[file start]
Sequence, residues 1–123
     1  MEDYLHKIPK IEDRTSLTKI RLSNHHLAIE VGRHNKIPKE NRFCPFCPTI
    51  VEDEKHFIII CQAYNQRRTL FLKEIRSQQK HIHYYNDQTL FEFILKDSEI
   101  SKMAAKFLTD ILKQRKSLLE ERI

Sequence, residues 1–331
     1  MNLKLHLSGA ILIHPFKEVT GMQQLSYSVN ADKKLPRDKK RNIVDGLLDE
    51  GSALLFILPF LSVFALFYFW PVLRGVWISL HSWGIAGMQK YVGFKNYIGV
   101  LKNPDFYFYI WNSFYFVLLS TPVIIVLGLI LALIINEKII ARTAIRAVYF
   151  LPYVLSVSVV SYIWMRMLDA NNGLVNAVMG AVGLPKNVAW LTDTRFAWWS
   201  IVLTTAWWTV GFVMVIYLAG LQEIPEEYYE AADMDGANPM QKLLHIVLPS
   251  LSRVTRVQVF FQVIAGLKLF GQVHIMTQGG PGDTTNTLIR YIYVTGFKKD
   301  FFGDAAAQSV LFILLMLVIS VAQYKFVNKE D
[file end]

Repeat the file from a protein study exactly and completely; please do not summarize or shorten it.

Sequence, residues 1–123
     1  MEDYLHKIPK IEDRTSLTKI RLSNHHLAIE VGRHNKIPKE NRFCPFCPTI
    51  VEDEKHFIII CQAYNQRRTL FLKEIRSQQK HIHYYNDQTL FEFILKDSEI
   101  SKMAAKFLTD ILKQRKSLLE ERI

Sequence, residues 1–331
     1  MNLKLHLSGA ILIHPFKEVT GMQQLSYSVN ADKKLPRDKK RNIVDGLLDE
    51  GSALLFILPF LSVFALFYFW PVLRGVWISL HSWGIAGMQK YVGFKNYIGV
   101  LKNPDFYFYI WNSFYFVLLS TPVIIVLGLI LALIINEKII ARTAIRAVYF
   151  LPYVLSVSVV SYIWMRMLDA NNGLVNAVMG AVGLPKNVAW LTDTRFAWWS
   201  IVLTTAWWTV GFVMVIYLAG LQEIPEEYYE AADMDGANPM QKLLHIVLPS
   251  LSRVTRVQVF FQVIAGLKLF GQVHIMTQGG PGDTTNTLIR YIYVTGFKKD
   301  FFGDAAAQSV LFILLMLVIS VAQYKFVNKE D